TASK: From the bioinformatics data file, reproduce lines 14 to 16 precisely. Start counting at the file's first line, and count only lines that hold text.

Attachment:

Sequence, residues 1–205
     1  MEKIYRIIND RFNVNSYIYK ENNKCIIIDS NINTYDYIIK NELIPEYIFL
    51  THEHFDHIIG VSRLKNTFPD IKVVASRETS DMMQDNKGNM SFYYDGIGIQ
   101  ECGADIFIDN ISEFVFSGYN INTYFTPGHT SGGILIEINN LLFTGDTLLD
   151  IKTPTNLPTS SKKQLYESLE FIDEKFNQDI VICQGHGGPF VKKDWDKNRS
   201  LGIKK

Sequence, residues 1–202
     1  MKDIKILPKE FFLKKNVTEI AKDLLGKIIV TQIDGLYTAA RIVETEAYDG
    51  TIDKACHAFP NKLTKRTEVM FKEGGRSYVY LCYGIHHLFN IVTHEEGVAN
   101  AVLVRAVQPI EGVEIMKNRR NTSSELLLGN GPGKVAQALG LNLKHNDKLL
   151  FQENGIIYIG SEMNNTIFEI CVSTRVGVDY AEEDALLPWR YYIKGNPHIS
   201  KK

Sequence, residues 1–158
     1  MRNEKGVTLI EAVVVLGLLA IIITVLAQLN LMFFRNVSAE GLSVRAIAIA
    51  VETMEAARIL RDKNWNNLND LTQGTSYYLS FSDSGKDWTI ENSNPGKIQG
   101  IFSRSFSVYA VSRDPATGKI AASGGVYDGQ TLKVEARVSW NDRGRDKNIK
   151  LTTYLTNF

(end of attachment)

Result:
     1  MRNEKGVTLI EAVVVLGLLA IIITVLAQLN LMFFRNVSAE GLSVRAIAIA
    51  VETMEAARIL RDKNWNNLND LTQGTSYYLS FSDSGKDWTI ENSNPGKIQG
   101  IFSRSFSVYA VSRDPATGKI AASGGVYDGQ TLKVEARVSW NDRGRDKNIK